Ever since the Global Financial Crisis (GFC) tackling the ‘too-big-to-fail’ (TBTF) problem without having to rely on taxpayer-funded bailouts has been a regulatory priority. Consequently, complex resolution frameworks have been installed in all major financial jurisdictions. The experience over the last decade has shown, however, that even a sound resolution regime cannot prevent bailouts when faced with firm failure of potentially systemic proportions.

Author: Professor Michael Schillig

Published: 17 May 2022

Ever since the Global Financial Crisis (GFC) tackling the ‘too-big-to-fail’ (TBTF) problem without having to rely on taxpayer-funded bailouts has been a regulatory priority. Consequently, complex resolution frameworks have been installed in all major financial jurisdictions. The experience over the last decade has shown, however, that even a sound resolution regime cannot prevent bailouts when faced with firm failure of potentially systemic proportions. This has become even more pertinent in the face of the COVID-19 crisis. Although governments and central banks have launched vast stimulus and rescue programs, further down the line financial institutions will likely be confronted with increased loan losses potentially putting them at risk. In a market economy, the state cannot support insolvent firms forever; eventually failing banks will have to be resolved with as little public financial support as possible, if only to fortify public finances against the next exogenous shock.

The aftermath of the GFC also saw the launch of the first successful cryptocurrency.[1] Bitcoin’s genesis block contained the following message: ‘The Times 03/Jan/2009 Chancellor on brink of second bailout for banks.’ What Satoshi Nakamoto intended to convey, other than proof of the date, remains speculation. Still, as a decentralized peer-to-peer payment network that operates without intermediaries (in the traditional sense), Bitcoin provides an alternative value transfer system that has no need for bailouts. Its underlying blockchain technology has inspired an entire new ecosystem of platforms and protocols with modified and improved technical features, ever widening the range of possible applications. Following initial skepsis and hostility, the financial industry has been very receptive and has recognised the technology’s potential across a wide range of sectors.[2]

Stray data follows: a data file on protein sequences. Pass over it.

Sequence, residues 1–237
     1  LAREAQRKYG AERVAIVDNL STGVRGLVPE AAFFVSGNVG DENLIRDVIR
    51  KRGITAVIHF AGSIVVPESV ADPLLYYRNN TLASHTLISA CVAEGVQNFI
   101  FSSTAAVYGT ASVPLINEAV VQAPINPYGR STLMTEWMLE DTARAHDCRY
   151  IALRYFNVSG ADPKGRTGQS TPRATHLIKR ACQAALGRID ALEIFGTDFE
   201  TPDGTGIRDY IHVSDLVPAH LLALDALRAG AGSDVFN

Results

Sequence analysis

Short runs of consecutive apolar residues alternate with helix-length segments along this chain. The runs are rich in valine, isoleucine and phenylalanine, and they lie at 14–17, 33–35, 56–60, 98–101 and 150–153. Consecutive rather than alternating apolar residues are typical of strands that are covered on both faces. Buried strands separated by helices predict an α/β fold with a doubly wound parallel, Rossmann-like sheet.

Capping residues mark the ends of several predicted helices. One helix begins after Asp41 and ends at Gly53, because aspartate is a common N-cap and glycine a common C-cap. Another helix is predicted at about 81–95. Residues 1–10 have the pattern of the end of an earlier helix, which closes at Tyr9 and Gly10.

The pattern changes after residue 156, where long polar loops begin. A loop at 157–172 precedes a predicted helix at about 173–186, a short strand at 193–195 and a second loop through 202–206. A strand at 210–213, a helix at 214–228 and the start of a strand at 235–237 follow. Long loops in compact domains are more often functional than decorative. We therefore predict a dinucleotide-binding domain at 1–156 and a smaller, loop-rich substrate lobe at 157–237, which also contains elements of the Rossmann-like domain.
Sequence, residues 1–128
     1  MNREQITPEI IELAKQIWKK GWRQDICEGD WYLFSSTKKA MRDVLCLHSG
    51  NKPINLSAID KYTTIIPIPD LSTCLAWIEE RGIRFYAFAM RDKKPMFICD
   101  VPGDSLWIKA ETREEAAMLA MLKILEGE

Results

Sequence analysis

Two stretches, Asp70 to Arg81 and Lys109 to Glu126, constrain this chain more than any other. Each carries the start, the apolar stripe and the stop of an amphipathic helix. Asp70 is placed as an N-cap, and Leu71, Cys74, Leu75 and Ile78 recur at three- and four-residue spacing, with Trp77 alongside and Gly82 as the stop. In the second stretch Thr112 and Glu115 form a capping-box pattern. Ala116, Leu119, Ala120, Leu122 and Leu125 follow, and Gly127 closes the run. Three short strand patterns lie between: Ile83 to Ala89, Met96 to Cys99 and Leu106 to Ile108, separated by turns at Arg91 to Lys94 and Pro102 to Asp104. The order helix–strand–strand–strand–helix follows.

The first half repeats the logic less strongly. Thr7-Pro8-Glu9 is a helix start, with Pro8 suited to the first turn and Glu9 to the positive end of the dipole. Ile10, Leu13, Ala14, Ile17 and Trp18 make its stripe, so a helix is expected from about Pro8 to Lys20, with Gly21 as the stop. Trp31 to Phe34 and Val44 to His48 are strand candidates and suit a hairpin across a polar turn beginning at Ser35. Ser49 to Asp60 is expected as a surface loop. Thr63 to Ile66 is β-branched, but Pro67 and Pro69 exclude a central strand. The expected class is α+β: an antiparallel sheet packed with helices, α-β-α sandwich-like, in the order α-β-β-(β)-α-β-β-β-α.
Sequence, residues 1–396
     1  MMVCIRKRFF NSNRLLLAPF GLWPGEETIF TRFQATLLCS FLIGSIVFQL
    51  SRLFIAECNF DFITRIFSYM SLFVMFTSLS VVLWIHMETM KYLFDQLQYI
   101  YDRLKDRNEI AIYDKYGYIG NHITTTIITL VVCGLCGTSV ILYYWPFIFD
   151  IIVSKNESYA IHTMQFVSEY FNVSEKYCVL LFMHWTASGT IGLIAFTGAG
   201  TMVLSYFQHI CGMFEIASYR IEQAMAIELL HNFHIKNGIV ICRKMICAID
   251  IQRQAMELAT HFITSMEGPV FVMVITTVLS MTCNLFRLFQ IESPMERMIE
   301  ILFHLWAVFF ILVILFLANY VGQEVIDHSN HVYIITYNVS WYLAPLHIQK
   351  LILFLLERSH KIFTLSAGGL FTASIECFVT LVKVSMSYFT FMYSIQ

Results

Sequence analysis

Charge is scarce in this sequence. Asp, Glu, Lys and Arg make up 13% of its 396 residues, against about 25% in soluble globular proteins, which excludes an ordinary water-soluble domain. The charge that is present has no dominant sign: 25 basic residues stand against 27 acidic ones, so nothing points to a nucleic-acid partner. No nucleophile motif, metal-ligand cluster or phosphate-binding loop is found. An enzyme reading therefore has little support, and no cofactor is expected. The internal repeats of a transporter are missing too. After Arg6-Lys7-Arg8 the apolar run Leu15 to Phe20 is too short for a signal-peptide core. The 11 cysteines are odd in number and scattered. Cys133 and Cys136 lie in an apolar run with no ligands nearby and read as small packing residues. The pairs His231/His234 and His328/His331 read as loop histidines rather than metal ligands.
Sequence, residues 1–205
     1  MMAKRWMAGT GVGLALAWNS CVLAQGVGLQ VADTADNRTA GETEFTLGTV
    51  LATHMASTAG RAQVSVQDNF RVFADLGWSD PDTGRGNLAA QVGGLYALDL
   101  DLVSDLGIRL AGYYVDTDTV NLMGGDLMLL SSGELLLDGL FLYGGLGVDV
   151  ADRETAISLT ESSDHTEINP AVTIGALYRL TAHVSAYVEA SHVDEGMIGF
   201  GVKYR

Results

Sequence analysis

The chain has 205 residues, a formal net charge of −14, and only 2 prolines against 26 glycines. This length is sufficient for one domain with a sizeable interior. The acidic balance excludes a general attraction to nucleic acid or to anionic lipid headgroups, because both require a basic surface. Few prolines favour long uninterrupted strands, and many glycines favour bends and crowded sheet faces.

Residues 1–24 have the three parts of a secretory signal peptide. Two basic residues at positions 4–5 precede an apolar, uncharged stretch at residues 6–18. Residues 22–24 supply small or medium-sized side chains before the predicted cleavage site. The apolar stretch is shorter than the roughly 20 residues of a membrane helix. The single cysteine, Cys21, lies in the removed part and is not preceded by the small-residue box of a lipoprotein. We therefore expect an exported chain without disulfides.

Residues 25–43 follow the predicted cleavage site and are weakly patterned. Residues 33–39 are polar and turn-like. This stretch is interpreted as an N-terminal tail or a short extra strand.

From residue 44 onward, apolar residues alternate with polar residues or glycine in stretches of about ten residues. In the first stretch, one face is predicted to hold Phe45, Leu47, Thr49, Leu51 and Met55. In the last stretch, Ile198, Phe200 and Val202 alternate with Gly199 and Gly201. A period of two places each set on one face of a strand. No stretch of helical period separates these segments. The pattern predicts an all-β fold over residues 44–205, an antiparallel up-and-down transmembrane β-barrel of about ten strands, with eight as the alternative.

Certain core characteristics of blockchain-based value transfer systems, stemming from their reliance on peer-to-peer networks with decentralised consensus mechanisms and ‘smart contract’ capability, render the technology particularly interesting from a bank resolution perspective. Conceptually, a network can be established so that no single participating node is in control and responsible for the maintenance and operation of the system. A blockchain based system can operate globally across jurisdictional boundaries. The failure of a single node or even a limited number of nodes has no effect on the continued operation of the network overall, provided that uncorrupted nodes maintain a complete copy of the blockchain. The stored transaction and account data is authenticated, transparent and auditable, with the possibility to limit transparency on a need-to-know basis. Decentralization makes it difficult to sabotage smart contract execution and limits the possibility for parties to act opportunistically for the benefit of the few at the expense of the many.